There is still paint on the wall behind the inside stairs, and carpet or oilcloth on some of the stairs. The colours are faded, but their presence is the echo of this once being a joyful place.
The windows and doors, the electric fixtures and wiring are gone, scavenged, and the roof has begun to fall in. Most of the houses have been bulldozed, and the bulldozer sits, rusting, in a garage that has also been stripped. Only the pieces too big to take out remain.
I had heard of the relocation of Inuit, or Eskimos as they were then called by southerners, to the high Arctic during the Cold War, confirming Canadian ownership of its north in the face of Soviet expansion. I knew it was horrible, and harsh. On this trip, I have met a woman who was relocated when she was a child, and later I will go to the High Arctic.
I am in Killiniq, Nunavut. It was called Port Burrell when the Hudson’s Bay trading post was established in 1884, and the missionaries came 20 years later. By the 1920s there was an RCMP detachments, a radio station and a Coast Guard base. Local Inuit living on the land were encouraged to move in, with the promise of more services: a nursing station, a school, government offices. There were about 400 people here at one time.
Governments changed, policies changed. In the late 1970s, the residents were moved out, on short notice, split between several communities that did not have the space nor resources to accommodate them.
This history, however, is new to me. I didn’t know how peoples were moved, back and forth, at the whim of bureaucrats far to the south, who had often never been to the north.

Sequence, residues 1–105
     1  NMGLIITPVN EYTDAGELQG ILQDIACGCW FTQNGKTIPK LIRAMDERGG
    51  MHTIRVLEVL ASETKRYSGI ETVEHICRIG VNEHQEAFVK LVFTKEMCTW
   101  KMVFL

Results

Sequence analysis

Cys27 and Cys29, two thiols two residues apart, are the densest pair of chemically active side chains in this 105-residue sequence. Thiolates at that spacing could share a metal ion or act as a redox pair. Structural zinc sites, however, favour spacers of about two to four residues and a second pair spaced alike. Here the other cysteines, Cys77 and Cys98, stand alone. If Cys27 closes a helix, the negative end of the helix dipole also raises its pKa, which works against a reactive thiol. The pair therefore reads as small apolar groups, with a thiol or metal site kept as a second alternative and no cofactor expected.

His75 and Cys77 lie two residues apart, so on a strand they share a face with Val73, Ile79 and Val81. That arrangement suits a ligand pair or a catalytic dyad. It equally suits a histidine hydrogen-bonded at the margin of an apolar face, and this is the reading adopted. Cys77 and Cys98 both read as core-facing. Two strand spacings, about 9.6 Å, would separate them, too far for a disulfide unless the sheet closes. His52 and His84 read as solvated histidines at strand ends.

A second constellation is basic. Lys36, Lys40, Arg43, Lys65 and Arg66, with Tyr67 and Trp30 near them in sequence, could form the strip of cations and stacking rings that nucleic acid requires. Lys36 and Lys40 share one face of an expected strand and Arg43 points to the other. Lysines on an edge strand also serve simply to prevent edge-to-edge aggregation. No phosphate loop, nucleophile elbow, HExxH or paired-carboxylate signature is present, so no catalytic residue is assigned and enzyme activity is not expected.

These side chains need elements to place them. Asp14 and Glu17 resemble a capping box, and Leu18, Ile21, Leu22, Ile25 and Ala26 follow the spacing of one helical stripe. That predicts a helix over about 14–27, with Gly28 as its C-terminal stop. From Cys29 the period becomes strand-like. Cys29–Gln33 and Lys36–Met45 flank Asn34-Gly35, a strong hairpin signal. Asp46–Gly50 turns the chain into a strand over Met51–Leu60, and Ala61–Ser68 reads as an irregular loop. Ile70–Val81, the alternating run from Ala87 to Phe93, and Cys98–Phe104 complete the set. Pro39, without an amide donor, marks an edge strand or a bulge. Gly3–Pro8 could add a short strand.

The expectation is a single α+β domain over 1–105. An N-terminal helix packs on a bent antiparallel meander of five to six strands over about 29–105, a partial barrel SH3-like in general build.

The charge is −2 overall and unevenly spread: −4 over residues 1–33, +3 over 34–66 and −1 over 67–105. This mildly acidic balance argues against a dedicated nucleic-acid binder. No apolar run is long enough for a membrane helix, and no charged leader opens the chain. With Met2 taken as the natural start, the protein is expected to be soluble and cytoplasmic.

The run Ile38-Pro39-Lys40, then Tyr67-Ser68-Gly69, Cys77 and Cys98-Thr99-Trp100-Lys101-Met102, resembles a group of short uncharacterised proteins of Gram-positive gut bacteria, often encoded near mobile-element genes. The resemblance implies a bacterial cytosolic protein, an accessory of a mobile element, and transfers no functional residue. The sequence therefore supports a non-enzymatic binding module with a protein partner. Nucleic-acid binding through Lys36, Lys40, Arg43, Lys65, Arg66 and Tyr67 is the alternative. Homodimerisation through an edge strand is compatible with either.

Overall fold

Killiniq is beautiful. The harbour is sheltered between rolling hills and islands. The sun glitters on the water and it feels warm in the sun, although it is only 10C. (50 F) Now, in the summer, tiny purple and white flowers are scattered along what were once paths between houses.
I can see the children, hear their laughter as they run along the paths. They pick the flowers, throw rocks in the water, play with their puppies. They roam the hills; but not too far, in case a bear or other wildlife approaches.
Sorrow washes over me, because I was once one of those children in a small isolated village.
We moved there for economic reasons, not because of government edict. I remember my mother crying, when on the rough wooden boards of the cupboards one of her precious teacups fell over and broke.
But I was a child and I didn’t understand, or care. We ran wild in bare feet on the gravel streets, only coming home for dinner. We played elaborate games, climbing trees and rocks, shouting and running. We sat in the dirt and played house with stones for house walls and sticks for people.
The moves always came as a surprise to me. My parents might have known but they did not think to share that information with us.
I am too sad to stay any longer, and I catch one of the first Zodiacs back to the ship.
Half a century later, I process what I didn’t realize at the time was trauma. And with trauma, you go one of two ways: resilience, or despair.
What doesn’t kill you makes you stronger. But, as my sister Linda used to add: “Good God! How strong do we need to be?”
Resilience, or despair. We of the south, of privilege, don’t get to decide what path they take.